Steve Lutke: One heck of a fantastic banjo-pickin' man

| 28 Sep 2011 | 02:48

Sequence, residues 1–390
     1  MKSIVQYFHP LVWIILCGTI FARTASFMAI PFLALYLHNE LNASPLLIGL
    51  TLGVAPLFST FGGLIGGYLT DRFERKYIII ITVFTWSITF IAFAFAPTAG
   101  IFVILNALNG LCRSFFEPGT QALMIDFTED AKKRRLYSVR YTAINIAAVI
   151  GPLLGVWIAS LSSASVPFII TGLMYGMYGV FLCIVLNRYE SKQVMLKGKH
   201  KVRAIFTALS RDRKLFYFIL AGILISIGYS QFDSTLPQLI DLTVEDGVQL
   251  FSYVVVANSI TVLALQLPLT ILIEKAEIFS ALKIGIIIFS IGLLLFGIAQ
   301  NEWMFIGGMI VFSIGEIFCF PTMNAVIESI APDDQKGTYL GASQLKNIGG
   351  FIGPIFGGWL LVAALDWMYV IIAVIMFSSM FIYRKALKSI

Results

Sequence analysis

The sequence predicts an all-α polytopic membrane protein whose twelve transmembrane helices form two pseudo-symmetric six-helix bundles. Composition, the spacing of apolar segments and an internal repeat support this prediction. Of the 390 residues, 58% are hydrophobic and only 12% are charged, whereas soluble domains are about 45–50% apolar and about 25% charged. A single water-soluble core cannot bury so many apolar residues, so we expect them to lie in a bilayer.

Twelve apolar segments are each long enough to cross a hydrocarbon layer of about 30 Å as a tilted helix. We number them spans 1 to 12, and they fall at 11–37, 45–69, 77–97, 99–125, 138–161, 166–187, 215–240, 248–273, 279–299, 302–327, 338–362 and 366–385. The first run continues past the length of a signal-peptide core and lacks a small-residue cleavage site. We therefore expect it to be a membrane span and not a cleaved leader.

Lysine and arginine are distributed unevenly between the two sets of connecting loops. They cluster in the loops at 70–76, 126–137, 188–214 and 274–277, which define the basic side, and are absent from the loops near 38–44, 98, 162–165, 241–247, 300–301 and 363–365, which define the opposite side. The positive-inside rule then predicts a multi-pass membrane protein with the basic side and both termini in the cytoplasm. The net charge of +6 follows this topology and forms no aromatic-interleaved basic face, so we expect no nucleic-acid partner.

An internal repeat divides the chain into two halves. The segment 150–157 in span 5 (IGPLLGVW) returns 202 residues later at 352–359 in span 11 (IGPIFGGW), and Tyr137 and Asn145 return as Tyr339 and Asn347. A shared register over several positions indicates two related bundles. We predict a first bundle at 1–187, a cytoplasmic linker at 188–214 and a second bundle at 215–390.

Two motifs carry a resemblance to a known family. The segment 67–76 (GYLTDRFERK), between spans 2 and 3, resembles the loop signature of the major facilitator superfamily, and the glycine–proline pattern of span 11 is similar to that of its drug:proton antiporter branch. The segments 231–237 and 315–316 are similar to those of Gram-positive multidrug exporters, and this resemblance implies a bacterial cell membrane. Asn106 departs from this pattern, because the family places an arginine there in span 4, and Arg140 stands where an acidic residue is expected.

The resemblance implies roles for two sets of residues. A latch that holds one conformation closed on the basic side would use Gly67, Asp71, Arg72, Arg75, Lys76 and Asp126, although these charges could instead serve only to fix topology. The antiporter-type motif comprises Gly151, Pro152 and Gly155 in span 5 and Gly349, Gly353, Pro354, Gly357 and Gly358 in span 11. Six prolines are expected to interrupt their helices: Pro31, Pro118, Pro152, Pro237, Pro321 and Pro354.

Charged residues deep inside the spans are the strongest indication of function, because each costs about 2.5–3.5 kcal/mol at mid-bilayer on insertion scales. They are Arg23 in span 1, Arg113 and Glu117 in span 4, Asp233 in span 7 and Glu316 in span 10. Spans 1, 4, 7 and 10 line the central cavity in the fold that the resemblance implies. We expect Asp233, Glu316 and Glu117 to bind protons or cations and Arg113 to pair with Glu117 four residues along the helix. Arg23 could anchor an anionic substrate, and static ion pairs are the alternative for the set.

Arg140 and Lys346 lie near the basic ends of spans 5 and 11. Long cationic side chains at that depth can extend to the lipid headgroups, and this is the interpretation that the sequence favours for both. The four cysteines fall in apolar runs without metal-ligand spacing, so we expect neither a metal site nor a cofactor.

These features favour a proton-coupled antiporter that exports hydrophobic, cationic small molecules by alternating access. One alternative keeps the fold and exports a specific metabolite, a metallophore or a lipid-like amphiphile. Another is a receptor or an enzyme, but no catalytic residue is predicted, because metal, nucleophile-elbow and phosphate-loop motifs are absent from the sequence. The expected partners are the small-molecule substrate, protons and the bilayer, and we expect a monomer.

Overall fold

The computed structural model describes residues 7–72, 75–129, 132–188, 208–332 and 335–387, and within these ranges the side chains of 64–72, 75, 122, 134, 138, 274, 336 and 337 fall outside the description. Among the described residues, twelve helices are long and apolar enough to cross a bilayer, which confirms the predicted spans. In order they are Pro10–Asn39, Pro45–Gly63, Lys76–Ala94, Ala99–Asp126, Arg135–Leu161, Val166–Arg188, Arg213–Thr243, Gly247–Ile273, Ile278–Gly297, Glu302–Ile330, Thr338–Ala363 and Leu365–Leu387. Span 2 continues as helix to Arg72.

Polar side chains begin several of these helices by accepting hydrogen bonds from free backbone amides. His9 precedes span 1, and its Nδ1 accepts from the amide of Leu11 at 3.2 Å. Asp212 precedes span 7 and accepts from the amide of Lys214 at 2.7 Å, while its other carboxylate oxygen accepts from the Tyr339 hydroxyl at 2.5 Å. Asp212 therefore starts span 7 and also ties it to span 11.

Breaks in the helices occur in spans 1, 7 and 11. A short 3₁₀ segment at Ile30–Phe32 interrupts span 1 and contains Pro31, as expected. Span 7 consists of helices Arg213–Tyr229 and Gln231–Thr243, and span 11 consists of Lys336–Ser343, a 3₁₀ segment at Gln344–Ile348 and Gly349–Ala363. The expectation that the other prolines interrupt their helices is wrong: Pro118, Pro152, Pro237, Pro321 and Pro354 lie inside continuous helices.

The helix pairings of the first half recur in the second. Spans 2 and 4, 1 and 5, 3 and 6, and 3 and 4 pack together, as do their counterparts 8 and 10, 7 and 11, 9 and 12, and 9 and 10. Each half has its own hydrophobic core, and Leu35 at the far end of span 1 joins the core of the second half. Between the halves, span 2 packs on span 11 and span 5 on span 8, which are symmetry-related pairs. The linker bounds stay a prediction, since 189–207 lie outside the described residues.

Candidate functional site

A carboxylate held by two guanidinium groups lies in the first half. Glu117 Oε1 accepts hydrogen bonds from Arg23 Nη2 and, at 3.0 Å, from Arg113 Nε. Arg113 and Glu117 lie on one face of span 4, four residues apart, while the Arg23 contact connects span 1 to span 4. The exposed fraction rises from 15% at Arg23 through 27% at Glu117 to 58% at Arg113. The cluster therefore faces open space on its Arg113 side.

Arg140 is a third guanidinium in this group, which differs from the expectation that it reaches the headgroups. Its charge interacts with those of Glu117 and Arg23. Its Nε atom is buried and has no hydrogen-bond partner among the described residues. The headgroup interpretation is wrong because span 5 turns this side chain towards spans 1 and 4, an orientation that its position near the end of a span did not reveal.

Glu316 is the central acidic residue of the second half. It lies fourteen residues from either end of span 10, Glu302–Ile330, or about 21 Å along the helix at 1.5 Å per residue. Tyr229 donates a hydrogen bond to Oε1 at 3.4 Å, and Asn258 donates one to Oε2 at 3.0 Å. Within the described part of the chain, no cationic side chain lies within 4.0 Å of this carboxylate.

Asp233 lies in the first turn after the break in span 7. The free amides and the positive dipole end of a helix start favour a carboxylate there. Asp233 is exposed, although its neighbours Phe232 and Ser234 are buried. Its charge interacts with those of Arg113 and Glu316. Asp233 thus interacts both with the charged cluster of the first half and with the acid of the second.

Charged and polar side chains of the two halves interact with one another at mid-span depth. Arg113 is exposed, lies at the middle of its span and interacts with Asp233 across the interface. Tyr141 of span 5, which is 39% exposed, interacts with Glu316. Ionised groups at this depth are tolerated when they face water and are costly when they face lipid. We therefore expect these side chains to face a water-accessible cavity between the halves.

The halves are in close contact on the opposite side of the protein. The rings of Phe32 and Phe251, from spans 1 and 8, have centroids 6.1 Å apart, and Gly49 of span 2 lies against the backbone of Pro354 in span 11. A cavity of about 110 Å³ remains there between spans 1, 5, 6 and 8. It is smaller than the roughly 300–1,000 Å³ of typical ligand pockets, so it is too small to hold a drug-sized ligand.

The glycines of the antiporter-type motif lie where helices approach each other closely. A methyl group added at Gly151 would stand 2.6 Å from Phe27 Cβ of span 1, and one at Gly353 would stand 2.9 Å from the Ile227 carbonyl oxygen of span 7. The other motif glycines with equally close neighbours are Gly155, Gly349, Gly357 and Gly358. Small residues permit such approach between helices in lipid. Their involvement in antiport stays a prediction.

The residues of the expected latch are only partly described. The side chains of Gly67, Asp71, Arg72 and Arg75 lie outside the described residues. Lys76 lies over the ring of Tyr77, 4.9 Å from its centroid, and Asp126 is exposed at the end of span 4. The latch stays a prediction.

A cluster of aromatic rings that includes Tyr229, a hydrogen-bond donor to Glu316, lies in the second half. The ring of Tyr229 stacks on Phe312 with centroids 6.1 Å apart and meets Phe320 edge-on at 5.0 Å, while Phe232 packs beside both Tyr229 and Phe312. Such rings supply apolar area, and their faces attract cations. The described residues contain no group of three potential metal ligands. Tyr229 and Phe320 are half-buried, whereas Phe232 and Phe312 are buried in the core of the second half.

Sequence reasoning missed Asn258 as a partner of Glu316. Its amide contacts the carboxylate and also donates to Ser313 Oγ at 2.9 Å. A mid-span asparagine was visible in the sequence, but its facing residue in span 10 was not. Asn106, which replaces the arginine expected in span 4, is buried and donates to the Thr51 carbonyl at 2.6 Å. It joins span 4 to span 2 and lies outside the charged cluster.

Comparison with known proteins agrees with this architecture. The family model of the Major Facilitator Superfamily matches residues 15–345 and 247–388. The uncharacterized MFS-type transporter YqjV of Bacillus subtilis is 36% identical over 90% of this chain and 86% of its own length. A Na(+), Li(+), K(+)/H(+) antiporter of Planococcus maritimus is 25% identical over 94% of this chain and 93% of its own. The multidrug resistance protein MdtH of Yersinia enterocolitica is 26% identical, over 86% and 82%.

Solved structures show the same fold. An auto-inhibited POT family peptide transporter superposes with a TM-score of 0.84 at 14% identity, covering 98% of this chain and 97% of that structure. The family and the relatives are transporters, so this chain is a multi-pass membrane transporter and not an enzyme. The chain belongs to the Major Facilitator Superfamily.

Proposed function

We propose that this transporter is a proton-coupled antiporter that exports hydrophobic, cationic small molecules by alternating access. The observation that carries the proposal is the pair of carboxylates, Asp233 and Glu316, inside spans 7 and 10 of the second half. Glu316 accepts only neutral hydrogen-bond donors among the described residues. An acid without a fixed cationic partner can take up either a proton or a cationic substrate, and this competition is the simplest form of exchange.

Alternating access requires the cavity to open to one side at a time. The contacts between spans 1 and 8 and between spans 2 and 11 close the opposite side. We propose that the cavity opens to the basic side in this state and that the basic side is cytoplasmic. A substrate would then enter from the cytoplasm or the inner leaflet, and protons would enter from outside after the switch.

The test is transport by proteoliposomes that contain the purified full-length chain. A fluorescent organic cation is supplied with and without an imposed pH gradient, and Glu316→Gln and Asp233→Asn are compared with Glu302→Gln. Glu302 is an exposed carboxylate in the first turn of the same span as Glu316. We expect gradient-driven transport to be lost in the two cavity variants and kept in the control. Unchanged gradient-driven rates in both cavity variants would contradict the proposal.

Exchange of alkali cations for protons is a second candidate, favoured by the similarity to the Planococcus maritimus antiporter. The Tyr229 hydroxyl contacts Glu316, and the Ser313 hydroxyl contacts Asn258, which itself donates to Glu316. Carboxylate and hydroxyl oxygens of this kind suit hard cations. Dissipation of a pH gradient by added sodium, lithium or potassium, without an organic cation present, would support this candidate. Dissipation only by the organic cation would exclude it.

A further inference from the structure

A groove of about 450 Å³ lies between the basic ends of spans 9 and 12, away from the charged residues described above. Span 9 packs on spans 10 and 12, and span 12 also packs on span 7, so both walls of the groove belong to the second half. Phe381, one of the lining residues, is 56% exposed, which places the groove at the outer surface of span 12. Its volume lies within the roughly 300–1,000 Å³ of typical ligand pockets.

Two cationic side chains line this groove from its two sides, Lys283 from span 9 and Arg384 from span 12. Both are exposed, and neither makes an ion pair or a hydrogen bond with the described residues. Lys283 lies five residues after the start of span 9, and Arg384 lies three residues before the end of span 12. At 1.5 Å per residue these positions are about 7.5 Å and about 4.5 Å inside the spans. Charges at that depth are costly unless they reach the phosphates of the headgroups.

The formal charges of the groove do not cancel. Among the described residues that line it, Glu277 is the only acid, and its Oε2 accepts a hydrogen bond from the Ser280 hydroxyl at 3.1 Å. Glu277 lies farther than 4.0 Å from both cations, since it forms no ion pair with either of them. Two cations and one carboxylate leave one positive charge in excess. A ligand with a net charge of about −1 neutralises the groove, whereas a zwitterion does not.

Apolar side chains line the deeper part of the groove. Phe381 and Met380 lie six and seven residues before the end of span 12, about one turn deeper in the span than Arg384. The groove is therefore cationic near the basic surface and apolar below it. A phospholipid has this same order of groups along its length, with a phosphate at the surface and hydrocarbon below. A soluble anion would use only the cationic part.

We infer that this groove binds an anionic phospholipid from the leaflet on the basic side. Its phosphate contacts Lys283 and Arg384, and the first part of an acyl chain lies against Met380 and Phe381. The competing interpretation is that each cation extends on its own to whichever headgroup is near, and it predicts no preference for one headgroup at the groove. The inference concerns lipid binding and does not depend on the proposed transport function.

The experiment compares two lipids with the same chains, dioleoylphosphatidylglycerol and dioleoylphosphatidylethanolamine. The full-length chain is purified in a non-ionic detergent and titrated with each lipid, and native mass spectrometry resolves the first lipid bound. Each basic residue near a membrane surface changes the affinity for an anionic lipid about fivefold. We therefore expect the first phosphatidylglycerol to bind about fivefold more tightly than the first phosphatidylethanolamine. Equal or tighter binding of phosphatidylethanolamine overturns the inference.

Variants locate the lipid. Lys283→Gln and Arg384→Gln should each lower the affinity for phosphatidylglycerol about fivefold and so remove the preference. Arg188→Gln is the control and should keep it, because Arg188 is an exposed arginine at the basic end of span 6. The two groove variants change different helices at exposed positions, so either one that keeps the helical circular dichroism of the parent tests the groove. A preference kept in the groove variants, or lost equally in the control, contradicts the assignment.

VERNON-Forget everything you ever thought about banjo music. When Highland Lakes musician Steve Lutke plays one of his banjos, the sounds he creates are like no banjo music you ever heard. Lutke's consummate virtuosity and right-on phrasing recalls guitarist Django Reinhardt or supreme banjo artists Béla Fleck or Earl Scruggs. Lutke's style defies classification: He is fresh, dynamic and fluid. Picking up his banjo, Lutke starts with a lyrical banjo arrangement of Beethoven's "Für Elise," then segues to a version of "Bonnie Scotland" beautiful enough to break your heart, finishing with a rip-roarious bluegrass tune that makes you want to stand up and cheer. For those who think they know all there is to know about banjo music, Lutke's new CD "Appalachian Uprising" will be a revelation. The songs, all original compositions, range from the exquisite ballad, "The Sky is Falling," composed when Lutke learned of the horrifying events of Sept. 11, 2001, to the true bluegrass "Spinner" and "Moon Dog." Appalachian Uprising was released on the Ampersand Label. Accompanying Lutke are master fiddle player Travis Wetzel, flat-picking guitarist Bob Harris, Randy Bailey and Ken Neill on bass, and Noah Segal on the African Djembe drums. Segal is featured on the pieces "Moondog" and "Samba in the Hills." Lutke, whoo will peform his music June 11 at the Echo Lake Baptist Church in West Milford, has music in his blood, and he credits his "fantastically talented" mother, Ginger Dinning Lutke, with never accepting anything less than musical perfection from him. Former lead singer of the famous a cappella group, The Dinning Sisters, Ginger Dinning Lutke led the group's Oscar-winning song "Buttons and Bows" in the 1948 movie, "The Paleface," starring Bob Hope and Jane Russell. The sisters also sang the feature song in Walt Disney's 1948 animated film, "Blame it on the Samba," starring Donald Duck. A collection of The Dinning Sister's songs recently has been released on the Collectors' Choice label. Other musical influences include George Winston and Lutke's brother, jazz guitarist Kevin Lutke, as well as his aunt, Dolores Dinning-Edgin, who introduced him to the best studio musicians in Nashville. For a musician who has achieved so much, Lutke took up the five-string banjo relatively late in life, at age 20. "I practiced 12 hours a day, until I thought I had mastered something I wanted to do. I'm dyslexic, so I had to learn everything differently." Lutke says he plays his banjo as if he were a painter putting gorgeous colors on canvas. The banjo has so many beautiful tunes in it, and can convey so many emotions, he says. He creates his music on a Gibson, which, he says, has a bucolic sound, and on Red Fox and Sunflower banjos handcrafted by Geoff Stellings. "The Stellings banjos have a wide-open sound that allow me to experiment with various music forms," Lutke explained. All but two of the songs on "Appalachian Uprising" feature one of the Stellings banjos. "When my band starts setting up to play, people see the banjo and think, ‘Oh no, more "Hee-Haw" music.' But when we start to play, everyone is stunned into silence," he said. "I've seen grown men sit on the floor in front of us listening with tears in their eyes." Lutke has played in venues all over the country, including the celebrated Bodles Opera House in Chester, N.Y., and has accompanied supreme jazz-bluegrass fiddler Vassar Clemens. An avid mountain bike rider and skier, Lutke lives with his German boxer Max in a cabin in Highland Lakes. When he isn't playing his banjo, he loves to cook. Lutke will be giving a special concert at 7 p.m. on June 11 at the Echo Lake Baptist Church at 1355 Macopin Road in West Milford. The opening act for the concert will be "Blue Plate Special," a local bluegrass band. Call 866-NO1 SONG (866-661-7664) for more information and to purchase advance seating. To hear songs from Appalachian Uprising, go to